(2) Write down an alternative to formulas (6.25-6.27) derived from this approach. (3) Compare

the cost of this approach with the cost of using (6.25-6.27).

15 Obtain the formula (6.76) from (6.75).

¨

16 Show that the determinant of the matrix in (6.82) is given by

¢

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t

17 The Lanczos algorithm is more closely related to the implementation of Algorithm 6.18 of the

¢#¦ ¢#¨

Conjugate Gradient algorithm. As a result the Lanczos coef¬cients and are easier v v

to extract from this algorithm than from Algorithm 6.17. Obtain formulas for these coef¬cients

from the coef¬cients generated by Algorithm 6.18, as was done in Section 6.7.3 for the standard

CG algorithm.

18 Show that if the rotations generated in the course of the GMRES (and DQGMRES) algorithm

are such that

@ ¢ @© A

©

then GMRES, DQGMRES, and FOM will all converge.

£¢ C B0BAB C v C

19 Show the exact expression of the residual vector in the basis for either GMRES

¢ AA v

or DQGMRES. [Hint: A starting point is (6.52).]

5

2 ¦

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20 Prove that the inequality (6.56) is sharper than (6.53), in the sense that ¢£¢

v

(for ). [Hint: Use Cauchy-Schwarz inequality on (6.56).]

A ¦

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21 Denote by the unit upper triangular matrix in the proof of Theorem 6.1 which is ob-

¢

tained from the Gram-Schmidt process (exact arithmetic assumed) applied to the incomplete

¡¢

¢

orthogonalization basis . Show that the Hessenberg matrix obtained in the incomplete

¢

¢ ¢

orthogonalization process is related to the Hessenberg matrix obtained from the (complete)

Arnoldi process by

¢

‚ ‚

¢ ¢ ¢ v Tt ¢

v A

¢

¢

NOTES AND REFERENCES. Lemma 6.1 was proved by Roland Freund [95] in a slightly different

form. Proposition 6.12 is due to Brown [43] who proved a number of other theoretical results, includ-

ing Proposition 6.11. Recently, Cullum and Greenbaum [63] discussed further relationships between

FOM and GMRES and other Krylov subspace methods.

The Conjugate Gradient method was developed independently and in different forms by Lanc-

zos [142] and Hesteness and Stiefel [120]. The method was essentially viewed as a direct solu-

tion technique and was abandoned early on because it did not compare well with other existing

techniques. For example, in inexact arithmetic, the method does not terminate in steps as is ¤

predicted by the theory. This is caused by the severe loss of of orthogonality of vector quantities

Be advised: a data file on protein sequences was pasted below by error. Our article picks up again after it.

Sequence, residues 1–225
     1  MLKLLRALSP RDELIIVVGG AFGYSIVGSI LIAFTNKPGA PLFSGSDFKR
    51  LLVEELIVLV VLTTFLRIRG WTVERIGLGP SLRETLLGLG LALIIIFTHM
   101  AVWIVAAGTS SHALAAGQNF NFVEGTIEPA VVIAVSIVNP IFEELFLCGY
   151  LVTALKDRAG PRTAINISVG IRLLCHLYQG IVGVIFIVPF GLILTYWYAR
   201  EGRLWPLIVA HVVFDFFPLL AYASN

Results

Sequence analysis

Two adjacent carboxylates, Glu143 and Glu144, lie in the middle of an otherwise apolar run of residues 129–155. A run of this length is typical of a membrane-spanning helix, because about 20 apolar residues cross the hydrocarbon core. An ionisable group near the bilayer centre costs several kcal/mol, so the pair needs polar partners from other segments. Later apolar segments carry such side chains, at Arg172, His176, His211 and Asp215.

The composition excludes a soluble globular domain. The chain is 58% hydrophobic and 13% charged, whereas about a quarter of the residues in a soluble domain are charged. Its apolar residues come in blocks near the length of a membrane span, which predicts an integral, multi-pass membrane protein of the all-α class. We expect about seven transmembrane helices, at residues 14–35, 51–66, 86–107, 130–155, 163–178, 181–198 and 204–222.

generated by the algorithm. As a result, research on Krylov-type methods remained dormant for

over two decades thereafter. This changed in the early 1970s when several researchers discovered

that this loss of orthogonality did not prevent convergence. The observations were made and ex-

plained for eigenvalue problems [158, 106] as well as linear systems [167]. The early to the middle

1980s saw the development of a new class of methods for solving nonsymmetric linear systems

[13, 14, 127, 172, 173, 185, 218]. The works of Faber and Manteuffel [85] and Voevodin [219]

showed that one could not ¬nd optimal methods which, like CG, are based on short-term recur-

rences. Many of the methods developed are mathematically equivalent, in the sense that they realize

the same projection process, with different implementations.

The Householder version of GMRES is due to Walker [221]. The Quasi-GMRES algorithm

described in Section 6.5.7 was initially described by Brown and Hindmarsh [44], although the direct

version DQGMRES was only discussed recently in [187]. The proof of Theorem 6.1 can be found in

[152] for the QMR algorithm.

The non-optimality of the Chebyshev polynomials on ellipses in the complex plane was estab-

lished by Fischer and Freund [90]. Prior to this, a 1963 paper by Clayton [59] was believed to have

established the optimality for the special case where the ellipse has real foci and is real. ¢

Until recently, little attention has been given to block Krylov methods. In addition to their at-

traction for solving linear systems with several right-hand sides [177, 196], these techniques can also

help reduce the effect of the sequential inner products in parallel environments and minimize I/O

costs in out-of-core implementations. The block-GMRES algorithm is analyzed by Simoncini and

Gallopoulos [197] and in [184]. Alternatives to GMRES which require fewer inner products have

been proposed by Sadok [188] and Jbilou [125]. Sadok investigated a GMRES-like method based

on the Hessenberg algorithm [227], while Jbilou proposed a multi-dimensional generalization of

Gastinel™s method seen in Exercise 2 of Chapter 5.

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is quite different in concept from Arnoldi™s method because it relies on biorthogonal se-

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